Widow tells of pride for husband's brave service

THE widow of a former RAF airman has been presented with a medal in his honour at the Scottish Parliament as a row continues over the UK Government's decision not to officially recognise the award.

Mary Swanson received the Pingat Jasa medal yesterday in recognition of her husband Peter's role during the Malayan Emergency during the 1950s.

The award is offered by the Malaysian Government to troops who were posted in the former British colony during the state of emergency, which began in 1948 and ran until 1960.

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But although servicemen have been entitled to the medal since 2004, it has never been officially recognised by the UK Government and veterans are not allowed to wear it on official occasions.

Mrs Swanson, whose husband died from a throat tumour in 2000, said that she was "very proud" to have finally been presented with the award.

But she added that it was "outrageous" that some of her husband's fellow servicemen were still waiting to receive their medals or were not allowed to wear them in public.

She said: "I heard about the medal two years ago and decided to see whether Peter would have been entitled to one. He was stationed there for two years as an air traffic controller and was involved in expeditions into the jungles.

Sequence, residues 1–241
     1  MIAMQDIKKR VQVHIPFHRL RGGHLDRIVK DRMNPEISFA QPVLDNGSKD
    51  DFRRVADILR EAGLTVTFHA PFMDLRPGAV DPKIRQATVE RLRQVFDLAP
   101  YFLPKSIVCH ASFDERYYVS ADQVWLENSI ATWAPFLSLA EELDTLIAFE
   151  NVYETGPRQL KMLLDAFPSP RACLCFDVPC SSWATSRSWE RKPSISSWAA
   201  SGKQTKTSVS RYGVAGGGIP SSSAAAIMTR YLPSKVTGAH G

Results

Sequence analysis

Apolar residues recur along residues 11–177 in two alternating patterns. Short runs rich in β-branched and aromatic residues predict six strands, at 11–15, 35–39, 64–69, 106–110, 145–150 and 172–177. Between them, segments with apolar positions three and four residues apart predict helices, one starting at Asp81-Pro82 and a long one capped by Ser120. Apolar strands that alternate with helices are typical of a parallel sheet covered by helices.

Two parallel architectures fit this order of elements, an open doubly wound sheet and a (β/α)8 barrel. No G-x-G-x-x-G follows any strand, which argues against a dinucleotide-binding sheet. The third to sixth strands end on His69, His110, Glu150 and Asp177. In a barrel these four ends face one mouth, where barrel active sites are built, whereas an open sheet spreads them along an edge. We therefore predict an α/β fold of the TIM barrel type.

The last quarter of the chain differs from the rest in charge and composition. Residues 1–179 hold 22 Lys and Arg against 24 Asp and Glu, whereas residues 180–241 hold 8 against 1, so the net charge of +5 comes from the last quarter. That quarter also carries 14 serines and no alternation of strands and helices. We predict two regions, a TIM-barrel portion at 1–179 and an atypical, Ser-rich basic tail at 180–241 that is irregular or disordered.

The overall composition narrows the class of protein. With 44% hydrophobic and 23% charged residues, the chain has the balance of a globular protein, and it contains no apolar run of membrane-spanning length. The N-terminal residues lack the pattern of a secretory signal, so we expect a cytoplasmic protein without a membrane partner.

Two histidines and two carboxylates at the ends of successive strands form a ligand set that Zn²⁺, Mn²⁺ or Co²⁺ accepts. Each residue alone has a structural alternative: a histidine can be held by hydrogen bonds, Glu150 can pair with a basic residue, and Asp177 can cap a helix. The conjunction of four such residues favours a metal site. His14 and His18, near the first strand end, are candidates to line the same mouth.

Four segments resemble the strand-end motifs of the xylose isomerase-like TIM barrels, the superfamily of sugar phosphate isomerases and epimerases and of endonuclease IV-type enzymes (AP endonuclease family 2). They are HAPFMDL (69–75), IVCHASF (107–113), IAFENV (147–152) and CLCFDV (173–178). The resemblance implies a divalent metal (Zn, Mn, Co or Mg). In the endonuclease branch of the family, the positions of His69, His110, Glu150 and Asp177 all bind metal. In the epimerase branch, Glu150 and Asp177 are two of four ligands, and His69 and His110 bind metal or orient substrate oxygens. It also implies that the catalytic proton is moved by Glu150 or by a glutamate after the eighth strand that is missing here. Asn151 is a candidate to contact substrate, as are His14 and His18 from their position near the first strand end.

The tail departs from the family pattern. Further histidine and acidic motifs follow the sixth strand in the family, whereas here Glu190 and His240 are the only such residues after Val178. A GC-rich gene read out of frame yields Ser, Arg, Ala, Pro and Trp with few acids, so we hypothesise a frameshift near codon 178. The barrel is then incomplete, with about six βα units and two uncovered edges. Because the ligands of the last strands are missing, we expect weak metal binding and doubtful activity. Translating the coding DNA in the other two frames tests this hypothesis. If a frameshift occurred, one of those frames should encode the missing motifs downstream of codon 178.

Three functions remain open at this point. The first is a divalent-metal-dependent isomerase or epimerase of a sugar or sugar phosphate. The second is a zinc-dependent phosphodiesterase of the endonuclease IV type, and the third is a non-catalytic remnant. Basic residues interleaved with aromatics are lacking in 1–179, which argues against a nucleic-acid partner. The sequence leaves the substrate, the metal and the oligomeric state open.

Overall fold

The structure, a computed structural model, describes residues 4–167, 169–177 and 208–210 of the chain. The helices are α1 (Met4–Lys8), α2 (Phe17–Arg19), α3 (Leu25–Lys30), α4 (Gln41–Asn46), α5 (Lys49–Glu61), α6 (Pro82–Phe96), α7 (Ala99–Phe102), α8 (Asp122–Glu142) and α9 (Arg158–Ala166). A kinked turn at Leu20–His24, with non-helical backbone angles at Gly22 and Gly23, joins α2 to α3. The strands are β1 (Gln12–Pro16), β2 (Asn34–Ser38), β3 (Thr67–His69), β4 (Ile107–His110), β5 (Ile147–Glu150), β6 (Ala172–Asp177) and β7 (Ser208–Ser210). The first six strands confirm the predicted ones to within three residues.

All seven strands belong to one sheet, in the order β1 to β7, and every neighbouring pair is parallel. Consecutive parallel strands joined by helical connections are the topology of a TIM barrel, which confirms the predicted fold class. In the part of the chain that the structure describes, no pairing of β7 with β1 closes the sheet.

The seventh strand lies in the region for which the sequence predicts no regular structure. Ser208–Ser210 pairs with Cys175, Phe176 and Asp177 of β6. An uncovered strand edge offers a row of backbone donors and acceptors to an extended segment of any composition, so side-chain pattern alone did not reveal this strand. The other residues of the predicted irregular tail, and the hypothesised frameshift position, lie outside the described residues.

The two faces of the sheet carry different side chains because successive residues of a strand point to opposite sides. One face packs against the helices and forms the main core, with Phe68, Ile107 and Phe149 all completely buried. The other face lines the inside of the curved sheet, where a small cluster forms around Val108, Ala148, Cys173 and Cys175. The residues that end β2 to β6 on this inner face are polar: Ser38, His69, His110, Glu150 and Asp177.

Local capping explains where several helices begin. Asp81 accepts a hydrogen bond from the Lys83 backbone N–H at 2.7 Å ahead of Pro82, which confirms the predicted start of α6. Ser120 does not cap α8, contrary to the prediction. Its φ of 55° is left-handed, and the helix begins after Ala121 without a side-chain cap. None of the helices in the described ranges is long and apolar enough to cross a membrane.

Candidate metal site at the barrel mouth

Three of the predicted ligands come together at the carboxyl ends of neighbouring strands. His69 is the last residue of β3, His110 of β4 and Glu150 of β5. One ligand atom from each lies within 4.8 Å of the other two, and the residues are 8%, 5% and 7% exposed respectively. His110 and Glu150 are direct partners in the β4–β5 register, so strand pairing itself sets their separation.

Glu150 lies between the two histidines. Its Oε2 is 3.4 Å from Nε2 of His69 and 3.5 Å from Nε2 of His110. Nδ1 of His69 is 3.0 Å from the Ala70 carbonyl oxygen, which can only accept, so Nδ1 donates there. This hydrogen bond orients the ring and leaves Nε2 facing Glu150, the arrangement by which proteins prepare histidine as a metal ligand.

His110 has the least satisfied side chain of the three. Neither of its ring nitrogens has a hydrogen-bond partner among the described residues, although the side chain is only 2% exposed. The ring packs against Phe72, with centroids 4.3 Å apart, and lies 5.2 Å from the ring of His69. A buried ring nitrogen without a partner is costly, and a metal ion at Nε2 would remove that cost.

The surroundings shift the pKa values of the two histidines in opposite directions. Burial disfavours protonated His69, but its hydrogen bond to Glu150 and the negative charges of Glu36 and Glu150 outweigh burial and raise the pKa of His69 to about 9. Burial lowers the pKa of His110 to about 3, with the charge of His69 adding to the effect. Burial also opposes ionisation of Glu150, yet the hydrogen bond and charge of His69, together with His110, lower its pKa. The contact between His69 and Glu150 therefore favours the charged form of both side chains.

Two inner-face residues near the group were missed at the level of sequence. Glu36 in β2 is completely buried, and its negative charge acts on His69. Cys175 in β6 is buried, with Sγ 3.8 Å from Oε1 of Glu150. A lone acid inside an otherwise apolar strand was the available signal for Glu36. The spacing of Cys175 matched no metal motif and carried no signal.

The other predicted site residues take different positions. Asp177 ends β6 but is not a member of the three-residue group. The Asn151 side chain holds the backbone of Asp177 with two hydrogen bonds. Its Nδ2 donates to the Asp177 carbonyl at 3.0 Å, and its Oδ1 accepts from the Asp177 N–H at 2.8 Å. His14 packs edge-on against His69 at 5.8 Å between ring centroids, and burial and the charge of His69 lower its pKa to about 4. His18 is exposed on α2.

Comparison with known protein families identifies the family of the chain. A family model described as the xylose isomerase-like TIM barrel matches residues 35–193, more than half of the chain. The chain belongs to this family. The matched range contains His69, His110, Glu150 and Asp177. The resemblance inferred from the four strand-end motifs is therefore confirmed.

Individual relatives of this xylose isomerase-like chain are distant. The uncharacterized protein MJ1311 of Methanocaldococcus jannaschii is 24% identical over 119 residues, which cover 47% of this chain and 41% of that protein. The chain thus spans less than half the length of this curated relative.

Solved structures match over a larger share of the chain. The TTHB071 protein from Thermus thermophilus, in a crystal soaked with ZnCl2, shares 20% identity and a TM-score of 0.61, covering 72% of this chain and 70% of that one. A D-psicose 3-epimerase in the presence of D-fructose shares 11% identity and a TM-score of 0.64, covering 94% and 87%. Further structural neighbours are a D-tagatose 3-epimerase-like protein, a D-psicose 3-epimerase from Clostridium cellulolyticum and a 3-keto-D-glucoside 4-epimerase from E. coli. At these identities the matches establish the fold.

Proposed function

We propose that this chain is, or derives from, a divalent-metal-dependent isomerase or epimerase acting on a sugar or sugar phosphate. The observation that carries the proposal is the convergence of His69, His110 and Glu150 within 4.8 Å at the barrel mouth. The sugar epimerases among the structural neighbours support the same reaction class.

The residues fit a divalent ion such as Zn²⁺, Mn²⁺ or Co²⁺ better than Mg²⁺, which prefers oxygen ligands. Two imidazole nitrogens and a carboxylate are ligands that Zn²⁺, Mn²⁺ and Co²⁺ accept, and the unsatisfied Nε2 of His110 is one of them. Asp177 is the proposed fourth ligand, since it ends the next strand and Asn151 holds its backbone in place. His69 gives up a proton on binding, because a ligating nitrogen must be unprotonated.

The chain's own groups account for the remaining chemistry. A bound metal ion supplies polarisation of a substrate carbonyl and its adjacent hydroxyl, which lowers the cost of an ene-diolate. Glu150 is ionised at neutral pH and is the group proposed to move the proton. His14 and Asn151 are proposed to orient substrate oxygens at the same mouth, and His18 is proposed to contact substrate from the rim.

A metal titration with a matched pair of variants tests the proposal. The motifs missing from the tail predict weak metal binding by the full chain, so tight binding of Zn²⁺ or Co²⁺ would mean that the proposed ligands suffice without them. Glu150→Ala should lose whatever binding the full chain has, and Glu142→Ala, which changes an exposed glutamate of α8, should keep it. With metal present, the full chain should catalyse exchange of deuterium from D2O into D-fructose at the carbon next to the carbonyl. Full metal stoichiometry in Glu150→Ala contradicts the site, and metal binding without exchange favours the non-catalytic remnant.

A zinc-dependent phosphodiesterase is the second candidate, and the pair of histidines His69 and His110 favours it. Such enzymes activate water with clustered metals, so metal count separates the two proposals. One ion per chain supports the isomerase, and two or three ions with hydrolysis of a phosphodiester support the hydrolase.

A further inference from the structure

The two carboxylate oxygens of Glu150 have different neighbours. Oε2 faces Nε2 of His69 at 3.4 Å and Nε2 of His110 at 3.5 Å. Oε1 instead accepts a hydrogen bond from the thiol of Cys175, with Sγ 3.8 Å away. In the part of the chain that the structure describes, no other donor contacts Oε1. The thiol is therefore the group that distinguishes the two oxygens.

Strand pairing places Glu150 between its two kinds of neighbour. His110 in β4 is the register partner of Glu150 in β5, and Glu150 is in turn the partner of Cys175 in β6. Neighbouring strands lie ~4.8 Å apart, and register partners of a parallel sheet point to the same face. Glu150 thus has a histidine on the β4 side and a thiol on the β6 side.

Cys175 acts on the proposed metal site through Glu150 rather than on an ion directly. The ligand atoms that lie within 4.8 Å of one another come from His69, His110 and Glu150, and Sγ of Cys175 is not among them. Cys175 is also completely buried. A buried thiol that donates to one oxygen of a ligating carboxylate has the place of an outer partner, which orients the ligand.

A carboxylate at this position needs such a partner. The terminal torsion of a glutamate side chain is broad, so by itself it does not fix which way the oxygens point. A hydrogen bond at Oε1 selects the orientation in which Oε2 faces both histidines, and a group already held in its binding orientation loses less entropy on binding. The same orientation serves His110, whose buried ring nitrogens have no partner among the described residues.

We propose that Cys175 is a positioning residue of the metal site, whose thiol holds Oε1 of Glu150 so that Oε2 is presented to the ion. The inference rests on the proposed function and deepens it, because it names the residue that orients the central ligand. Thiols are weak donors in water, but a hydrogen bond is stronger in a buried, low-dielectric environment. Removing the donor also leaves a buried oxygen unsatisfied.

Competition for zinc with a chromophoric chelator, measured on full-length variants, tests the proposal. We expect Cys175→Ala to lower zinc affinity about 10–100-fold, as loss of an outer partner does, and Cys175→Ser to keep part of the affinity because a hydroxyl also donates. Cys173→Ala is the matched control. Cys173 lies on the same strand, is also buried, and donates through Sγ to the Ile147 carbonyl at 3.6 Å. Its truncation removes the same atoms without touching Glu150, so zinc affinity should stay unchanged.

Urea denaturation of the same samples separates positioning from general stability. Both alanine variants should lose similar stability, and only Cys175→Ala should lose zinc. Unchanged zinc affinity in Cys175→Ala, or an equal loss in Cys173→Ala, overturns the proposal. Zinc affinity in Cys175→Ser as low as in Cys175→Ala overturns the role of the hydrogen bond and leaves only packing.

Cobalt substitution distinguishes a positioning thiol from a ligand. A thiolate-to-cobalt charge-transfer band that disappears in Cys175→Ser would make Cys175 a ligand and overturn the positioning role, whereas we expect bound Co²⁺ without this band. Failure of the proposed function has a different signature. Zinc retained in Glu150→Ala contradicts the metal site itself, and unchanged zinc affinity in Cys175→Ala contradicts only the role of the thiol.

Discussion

"I lived out there with him and our three children and it was a horrendous time to be there. There was a lot of violence and the country wasn't secure, so they really did risk their lives for their country.

"When I received the medal at the parliament, it was a very proud moment. Peter probably would have hated to have had all that fuss made if he was still here, but I was very happy to take it for him.

"But I find it outrageous that other veterans who have this honour are not allowed to display it in public. The fact that the UK Government doesn't even recognise it is scandalous."

Tens of thousands of troops fought in Malaysia during the state of emergency alongside Australian and New Zealand veterans, who are also eligible for the honour and are allowed by their governments to wear it.

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Sandra White MSP, who arranged the ceremony for Mrs Swanson, said she had held it at the parliament in order to highlight the veterans' fight.

She said: "Those who took part in the Emergency deserve recognition for their efforts. What remains a disappointment is the attitude of the UK Government in refusing to allow them to wear the Pingat Jasa medal with pride."